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Benue Killings: Ortom vows to keep anti-open grazing law despite herdsmen threat

Governor Lalong never warned me against anti-grazing law – Gov Ortom says

He said no amendment will be made to the law to accommodate the wishes of the cattle breeders.

Despite calls by the Miyetti Allah association for the Benue State government to reconsider its anti-open grazing law to appease Fulani herdsmen in the state after staging recent savage attacks, Governor Samuel Ortom has insisted on his position that the law will not change.

This was disclosed by the governor's Chief Press Secretary, Terver Akase, on Friday, January 12, 2018, who echoed the governor's earlier stance that no amendment will be made to the law to accommodate the wishes of the cattle breeders association who have openly issued threats to have the law aborted.

The governor said, "We will not modify theĀ  anti open grazing law as demanded by Miyetti Allah as condition for peace to reign. The law was popularly made by Benue people and it has come to stay."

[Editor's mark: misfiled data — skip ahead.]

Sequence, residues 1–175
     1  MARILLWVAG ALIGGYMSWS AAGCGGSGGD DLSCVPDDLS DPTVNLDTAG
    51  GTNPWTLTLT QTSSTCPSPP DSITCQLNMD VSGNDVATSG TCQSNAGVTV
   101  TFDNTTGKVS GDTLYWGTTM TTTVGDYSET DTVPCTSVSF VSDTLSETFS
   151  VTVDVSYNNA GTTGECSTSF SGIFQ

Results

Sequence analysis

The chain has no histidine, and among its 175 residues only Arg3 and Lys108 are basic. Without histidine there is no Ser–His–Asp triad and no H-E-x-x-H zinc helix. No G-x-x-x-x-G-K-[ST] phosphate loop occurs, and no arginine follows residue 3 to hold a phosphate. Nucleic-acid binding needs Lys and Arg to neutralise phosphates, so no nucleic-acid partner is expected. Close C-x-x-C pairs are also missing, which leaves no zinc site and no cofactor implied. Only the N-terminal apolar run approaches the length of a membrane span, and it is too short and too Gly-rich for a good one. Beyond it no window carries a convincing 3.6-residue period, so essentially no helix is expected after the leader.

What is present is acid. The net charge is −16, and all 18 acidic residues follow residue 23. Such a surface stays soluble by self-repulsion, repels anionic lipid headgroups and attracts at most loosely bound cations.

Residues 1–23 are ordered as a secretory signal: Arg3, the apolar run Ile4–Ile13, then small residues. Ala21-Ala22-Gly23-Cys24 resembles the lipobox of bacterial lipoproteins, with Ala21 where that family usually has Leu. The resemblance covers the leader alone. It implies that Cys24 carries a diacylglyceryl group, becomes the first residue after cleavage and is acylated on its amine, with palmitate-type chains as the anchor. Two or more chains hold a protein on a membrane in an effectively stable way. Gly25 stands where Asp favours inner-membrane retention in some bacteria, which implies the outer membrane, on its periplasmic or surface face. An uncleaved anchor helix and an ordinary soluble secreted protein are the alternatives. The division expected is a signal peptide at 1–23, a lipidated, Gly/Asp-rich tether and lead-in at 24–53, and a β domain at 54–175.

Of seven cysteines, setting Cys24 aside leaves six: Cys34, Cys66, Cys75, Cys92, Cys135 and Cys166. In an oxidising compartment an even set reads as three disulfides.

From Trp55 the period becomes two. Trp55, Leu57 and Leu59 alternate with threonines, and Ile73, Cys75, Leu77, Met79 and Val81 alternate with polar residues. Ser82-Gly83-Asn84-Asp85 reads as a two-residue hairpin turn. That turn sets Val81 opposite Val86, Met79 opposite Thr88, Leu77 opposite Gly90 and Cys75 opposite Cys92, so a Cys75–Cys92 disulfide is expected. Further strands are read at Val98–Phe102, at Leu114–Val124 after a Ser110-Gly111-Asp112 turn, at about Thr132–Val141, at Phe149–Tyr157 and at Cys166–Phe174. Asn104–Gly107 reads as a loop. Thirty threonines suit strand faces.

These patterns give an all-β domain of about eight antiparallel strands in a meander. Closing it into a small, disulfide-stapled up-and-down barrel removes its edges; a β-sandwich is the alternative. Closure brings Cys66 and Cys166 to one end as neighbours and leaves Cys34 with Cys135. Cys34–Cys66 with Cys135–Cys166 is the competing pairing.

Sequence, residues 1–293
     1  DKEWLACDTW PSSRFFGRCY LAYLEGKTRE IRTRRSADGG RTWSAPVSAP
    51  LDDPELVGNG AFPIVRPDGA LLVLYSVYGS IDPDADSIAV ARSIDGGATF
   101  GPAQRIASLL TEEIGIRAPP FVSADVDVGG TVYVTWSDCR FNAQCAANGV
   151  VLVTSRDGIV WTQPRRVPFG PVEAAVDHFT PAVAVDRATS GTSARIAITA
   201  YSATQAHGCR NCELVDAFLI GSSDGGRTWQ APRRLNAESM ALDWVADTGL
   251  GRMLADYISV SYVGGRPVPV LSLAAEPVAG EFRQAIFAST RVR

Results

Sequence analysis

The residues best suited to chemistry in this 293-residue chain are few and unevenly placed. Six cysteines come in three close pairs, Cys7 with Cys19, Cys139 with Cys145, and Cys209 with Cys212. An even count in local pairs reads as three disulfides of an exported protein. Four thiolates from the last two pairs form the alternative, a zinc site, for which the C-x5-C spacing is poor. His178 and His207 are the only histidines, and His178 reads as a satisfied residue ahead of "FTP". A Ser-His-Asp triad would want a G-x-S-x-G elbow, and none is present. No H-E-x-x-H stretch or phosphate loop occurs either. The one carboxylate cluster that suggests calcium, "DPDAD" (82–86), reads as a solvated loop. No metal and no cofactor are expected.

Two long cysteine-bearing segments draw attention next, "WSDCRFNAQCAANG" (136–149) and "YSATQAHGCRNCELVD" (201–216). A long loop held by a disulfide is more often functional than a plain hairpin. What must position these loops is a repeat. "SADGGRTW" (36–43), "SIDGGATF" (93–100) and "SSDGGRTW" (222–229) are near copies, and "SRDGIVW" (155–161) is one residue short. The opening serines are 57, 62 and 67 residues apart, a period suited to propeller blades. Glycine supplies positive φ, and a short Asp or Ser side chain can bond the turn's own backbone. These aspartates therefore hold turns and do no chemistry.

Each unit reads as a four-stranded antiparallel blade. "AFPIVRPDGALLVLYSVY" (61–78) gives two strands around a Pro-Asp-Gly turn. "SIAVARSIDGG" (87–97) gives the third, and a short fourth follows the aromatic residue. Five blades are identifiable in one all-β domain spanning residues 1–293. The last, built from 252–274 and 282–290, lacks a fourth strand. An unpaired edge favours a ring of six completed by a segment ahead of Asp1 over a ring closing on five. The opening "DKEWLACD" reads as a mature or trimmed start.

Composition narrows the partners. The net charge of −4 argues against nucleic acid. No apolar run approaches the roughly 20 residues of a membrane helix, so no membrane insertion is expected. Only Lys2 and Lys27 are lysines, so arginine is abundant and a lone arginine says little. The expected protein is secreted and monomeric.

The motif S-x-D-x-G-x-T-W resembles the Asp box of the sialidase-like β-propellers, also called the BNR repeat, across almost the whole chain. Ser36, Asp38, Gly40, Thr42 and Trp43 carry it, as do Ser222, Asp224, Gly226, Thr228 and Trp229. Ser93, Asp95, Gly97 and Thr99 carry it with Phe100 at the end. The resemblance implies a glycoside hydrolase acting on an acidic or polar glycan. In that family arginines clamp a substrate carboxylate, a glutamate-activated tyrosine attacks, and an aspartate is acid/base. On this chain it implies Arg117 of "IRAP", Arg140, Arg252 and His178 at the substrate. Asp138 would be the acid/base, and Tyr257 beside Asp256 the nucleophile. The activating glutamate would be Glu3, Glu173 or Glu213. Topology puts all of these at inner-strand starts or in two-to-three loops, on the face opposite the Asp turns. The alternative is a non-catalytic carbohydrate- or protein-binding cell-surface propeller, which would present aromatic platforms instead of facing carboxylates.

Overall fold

The governor had said the same thing on Thursday, January 11, during the mass burial organised by the state government for the victims of recent attacks.

The bodies of 73 men, women and children were buried at the ceremony that was attended by thousands of of Benue residents who expressed anger at the attacks.

Benue attacks

In attacks allegedly carried out by Fulani herdsmen in Guma and Logo Local Government Area of Benue between Sunday, December 31, 2017, and Tuesday, January 2, 2018, 50 people were reportedly killed.

11 other people were killed in a fresh attack on Tombu village of Logo LGA, again by suspected Fulani herdsmen, on Saturday, January 6, 2018.

Curated: Meets

Local AFP Photo

Local AFP is a Reporter at Meets Media, a digital journalist who reports on News and some other section of our website.

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